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Review: FARGO Episode 2 – A World In Crisis, Whether Anyone Knows it or Not

It was impossible not to be reminded of a different Coen Brothers project during this week’s Fargo: No Country For Old Men.

Episode two, “Before the Law,” still had plenty of the black comedy that makes Fargo so good, especially Jesse Plemons‘ heart-breaking scenes as Ed Blumquist — both as he stood in front of the fire burning his murder-cleaning clothes wearing just his socks and underwear, and as he ground up Rye’s body in a scene that was better than anything from Tim Burton’s Sweeney Todd — but for an episode that had significantly less happen than the premiere’s bloodbath, this had a much more palpable sense of impending doom.

When Sheriff Hank Larsson (Ted Danson) stopped Mike Milligan (Bokeem Woodbine) and his silent compatriots on the road, it had the same tension as waiting for Anton Chigurh’s coin to land. It made Milligan’s comments, about how unlikely it was for two men on a winter road to have a rational conversation while the world around them went mad, so poignant. Later, when Hank and Lou (Patrick Wilson) discuss old war stories, WWII vet Lou echoed Tommy Lee Jones‘ laments from No Country For Old Men, unsure if the world can be saved. Hank thinks maybe the Vietnam War came back with poor Lou’s generation.

No one, save for Molly and Lou Solverson, is guaranteed to come out of this season alive, so every scene felt like life or death, either within the immediacy of the moment or in decisions we can see are going to lead to something bad in the future. Lou wants some bacon and suddenly poor Ed, who is already having an existential crisis that can only come from grinding up an entire slab of human, is on the verge of caving in. Even if Lou is meant to live, what is Ed capable of doing in this moment? We like poor Ed; he just wants to protect his wife and future family. I’m sure they have powerful enough cleaning fluid at the butcher shop. Just hide the finger and get out of there safely.

The same tension is present in the scene between Mother Gerhardt Floyd (Jean Smart) and eldest son Dodd (Jeffrey Donovan). Both mother and son are in crisis, together and apart. They are under attack at their weakest point, and Floyd just wants to keep them together long enough for her son to take over the empire he so desperately wants. Not only does she want to protect the family business, she wants to protect her family. She knows what war means, and they can’t win one if they are fighting amongst themselves. You want to scream at Dodd to get over his misogynistic ways and do what’s best for everyone. When he chooses to be selfish instead, we know he’s probably signed a lot of death warrants for his family, and maybe just destroyed the only real chance he has to take over the business like he wants.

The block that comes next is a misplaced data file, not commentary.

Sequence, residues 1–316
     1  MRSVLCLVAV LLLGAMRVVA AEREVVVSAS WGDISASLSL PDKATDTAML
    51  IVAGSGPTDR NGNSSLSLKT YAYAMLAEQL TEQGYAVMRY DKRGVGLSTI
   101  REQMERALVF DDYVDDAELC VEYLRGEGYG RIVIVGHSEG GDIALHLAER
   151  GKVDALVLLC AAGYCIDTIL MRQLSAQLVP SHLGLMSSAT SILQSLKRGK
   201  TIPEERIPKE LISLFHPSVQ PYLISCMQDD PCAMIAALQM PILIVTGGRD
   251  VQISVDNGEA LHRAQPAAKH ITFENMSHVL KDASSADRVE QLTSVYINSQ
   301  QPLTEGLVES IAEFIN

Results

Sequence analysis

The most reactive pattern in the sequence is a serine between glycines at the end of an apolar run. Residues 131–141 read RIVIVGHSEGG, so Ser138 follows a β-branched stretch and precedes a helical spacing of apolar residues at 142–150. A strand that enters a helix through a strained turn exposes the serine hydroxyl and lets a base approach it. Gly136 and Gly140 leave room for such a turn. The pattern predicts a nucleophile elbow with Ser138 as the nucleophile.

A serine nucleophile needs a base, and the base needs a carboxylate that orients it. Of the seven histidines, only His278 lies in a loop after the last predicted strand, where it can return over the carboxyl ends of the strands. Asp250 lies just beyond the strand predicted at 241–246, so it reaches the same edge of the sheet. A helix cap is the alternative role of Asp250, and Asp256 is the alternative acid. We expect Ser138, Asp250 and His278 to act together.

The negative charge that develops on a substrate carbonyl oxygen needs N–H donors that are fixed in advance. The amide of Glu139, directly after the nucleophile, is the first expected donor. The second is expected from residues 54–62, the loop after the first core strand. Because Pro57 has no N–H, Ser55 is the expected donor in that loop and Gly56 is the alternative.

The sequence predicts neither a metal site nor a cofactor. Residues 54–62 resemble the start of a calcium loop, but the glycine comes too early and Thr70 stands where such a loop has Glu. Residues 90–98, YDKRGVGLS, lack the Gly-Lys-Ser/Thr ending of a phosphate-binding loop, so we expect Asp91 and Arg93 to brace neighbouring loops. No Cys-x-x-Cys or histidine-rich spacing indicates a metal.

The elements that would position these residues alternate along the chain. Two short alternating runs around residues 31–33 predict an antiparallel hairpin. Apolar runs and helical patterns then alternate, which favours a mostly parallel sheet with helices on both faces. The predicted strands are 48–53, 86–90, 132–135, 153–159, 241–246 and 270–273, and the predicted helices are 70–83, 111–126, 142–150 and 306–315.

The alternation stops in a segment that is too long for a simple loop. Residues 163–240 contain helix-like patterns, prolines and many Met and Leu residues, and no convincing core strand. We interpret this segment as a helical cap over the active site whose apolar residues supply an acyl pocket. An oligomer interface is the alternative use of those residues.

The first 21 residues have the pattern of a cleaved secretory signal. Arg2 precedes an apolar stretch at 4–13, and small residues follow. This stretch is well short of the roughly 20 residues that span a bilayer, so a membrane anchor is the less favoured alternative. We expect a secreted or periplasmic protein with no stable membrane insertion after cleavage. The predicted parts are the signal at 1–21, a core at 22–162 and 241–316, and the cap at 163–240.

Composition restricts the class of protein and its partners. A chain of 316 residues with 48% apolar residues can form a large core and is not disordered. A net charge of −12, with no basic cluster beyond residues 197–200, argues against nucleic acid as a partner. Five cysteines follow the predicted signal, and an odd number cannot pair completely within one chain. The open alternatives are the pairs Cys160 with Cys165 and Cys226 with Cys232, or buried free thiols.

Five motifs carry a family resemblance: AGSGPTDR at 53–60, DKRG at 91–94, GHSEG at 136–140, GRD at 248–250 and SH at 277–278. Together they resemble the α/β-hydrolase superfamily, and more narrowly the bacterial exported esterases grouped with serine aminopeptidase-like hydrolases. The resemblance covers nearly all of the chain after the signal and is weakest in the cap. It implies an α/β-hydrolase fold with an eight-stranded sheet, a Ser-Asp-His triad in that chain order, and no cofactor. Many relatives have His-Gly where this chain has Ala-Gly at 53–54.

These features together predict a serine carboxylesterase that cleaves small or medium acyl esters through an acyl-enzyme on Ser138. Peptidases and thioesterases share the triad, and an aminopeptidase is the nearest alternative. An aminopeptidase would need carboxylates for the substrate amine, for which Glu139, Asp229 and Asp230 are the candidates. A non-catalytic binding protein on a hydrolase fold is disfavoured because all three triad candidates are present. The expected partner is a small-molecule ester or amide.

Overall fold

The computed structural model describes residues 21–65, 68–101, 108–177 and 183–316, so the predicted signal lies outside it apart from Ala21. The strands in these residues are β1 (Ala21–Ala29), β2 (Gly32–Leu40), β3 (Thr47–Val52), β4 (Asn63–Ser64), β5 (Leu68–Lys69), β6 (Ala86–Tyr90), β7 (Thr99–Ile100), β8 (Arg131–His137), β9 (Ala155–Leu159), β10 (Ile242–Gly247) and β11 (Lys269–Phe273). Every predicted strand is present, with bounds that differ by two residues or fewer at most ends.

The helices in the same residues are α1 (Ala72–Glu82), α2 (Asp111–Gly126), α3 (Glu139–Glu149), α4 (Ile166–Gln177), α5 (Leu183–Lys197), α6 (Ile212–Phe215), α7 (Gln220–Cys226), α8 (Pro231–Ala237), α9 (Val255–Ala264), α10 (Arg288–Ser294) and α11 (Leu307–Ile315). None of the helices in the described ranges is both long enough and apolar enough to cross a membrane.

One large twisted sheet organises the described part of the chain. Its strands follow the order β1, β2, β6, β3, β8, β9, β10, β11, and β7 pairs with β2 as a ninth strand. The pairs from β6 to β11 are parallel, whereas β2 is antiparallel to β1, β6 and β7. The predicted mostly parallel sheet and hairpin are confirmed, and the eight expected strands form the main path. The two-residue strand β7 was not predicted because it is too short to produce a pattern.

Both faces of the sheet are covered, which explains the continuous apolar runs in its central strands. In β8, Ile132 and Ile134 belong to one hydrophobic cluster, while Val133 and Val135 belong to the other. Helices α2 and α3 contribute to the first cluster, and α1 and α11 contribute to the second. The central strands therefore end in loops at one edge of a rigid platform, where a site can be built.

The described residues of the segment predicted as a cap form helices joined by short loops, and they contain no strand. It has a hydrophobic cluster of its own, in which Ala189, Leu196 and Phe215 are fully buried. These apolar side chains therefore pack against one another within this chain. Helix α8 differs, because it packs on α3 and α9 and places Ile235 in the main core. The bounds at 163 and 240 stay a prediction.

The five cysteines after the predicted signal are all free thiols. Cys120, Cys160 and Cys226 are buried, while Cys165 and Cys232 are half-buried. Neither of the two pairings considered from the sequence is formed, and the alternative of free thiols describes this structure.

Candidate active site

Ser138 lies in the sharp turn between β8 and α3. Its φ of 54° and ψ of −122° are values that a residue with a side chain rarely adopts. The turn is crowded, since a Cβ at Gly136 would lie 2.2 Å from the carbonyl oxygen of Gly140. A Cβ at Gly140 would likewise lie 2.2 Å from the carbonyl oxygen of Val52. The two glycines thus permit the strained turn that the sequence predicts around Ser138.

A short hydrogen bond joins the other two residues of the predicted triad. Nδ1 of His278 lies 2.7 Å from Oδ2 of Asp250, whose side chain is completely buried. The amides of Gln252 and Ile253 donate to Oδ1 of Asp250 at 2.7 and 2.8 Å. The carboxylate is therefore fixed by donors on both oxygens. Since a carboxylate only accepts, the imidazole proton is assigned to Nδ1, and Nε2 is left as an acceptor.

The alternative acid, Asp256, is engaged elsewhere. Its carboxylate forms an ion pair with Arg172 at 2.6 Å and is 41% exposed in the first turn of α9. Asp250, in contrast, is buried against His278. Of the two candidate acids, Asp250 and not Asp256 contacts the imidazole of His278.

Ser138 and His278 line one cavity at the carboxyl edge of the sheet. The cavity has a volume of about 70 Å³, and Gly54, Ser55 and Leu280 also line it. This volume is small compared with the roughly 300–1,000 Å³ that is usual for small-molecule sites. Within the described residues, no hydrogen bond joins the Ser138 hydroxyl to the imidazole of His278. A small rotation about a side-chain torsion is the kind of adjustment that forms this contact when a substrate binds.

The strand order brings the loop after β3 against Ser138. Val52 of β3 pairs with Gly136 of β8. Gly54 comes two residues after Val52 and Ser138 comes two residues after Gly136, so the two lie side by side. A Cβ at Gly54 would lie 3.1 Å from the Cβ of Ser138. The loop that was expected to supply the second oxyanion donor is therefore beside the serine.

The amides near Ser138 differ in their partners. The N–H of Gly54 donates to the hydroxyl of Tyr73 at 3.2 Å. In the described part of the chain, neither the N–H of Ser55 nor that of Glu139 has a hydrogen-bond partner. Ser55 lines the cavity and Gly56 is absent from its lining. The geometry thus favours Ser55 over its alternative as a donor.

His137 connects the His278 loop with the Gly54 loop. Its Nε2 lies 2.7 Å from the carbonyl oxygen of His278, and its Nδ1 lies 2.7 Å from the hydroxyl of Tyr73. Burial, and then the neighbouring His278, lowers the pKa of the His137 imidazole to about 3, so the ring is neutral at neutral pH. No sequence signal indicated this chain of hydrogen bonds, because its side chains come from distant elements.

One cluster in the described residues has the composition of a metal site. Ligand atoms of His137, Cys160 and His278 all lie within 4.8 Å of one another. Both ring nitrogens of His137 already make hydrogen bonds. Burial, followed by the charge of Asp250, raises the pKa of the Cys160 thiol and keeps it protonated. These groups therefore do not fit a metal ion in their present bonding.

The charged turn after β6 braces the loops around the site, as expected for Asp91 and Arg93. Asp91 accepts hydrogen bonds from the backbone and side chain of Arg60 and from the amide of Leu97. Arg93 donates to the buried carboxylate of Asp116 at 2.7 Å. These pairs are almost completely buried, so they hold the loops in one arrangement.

All the characters of Fargo are connected by crisis, ones brought upon themselves like Peggy and Ed, or had thrust upon them like the Solverson family, or both, like the Gerhardts. Kansas City is coming for all of them, one way or another, and people will die, when and who are the questions each scene felt like it was answering.

The strangest scene from episode one, the blue, maybe/maybe not alien lights that Rye saw right before Peggy ran him over, make a brief appearance at episode’s end. They are accompanied by an interesting narration taken from H.G. Wells’ War of the Worlds, about how mankind never knew their affairs were being watched and scrutinized from space, that man was not even considering the possibility that it was in danger, let alone aware that danger, extinction really, was very real.

In H.G. Wells’ novel, mankind survives death and destruction, but not because of anything it did, rather because the environment killed the Martians — bacteria and germs they had no immunity to. Could this possibly be a hint as to where this season is going; maybe the winners and survivors are more likely to be standing at the end because of luck? Fargo has always dealt with good and evil, right and wrong, but those concepts may be no more meaningful than chance and accident. In a cold world of death punctuated with the polite niceties of the Upper Midwest, it would be a very dark conclusion to come to. Who we are and what we do, good or bad, might not really matter in a sick world.

It is hard to imagine actual aliens will play a role on the show, but as a metaphor for the impending danger that awaits everyone, in spite of their plans and schemes, it makes a lot of sense. Danger comes in all forms, big and small, from above and below. We are all in crisis, whether we know it or not.

What did you think of episode two? Let’s discuss it in the comments section below.

Image: FX

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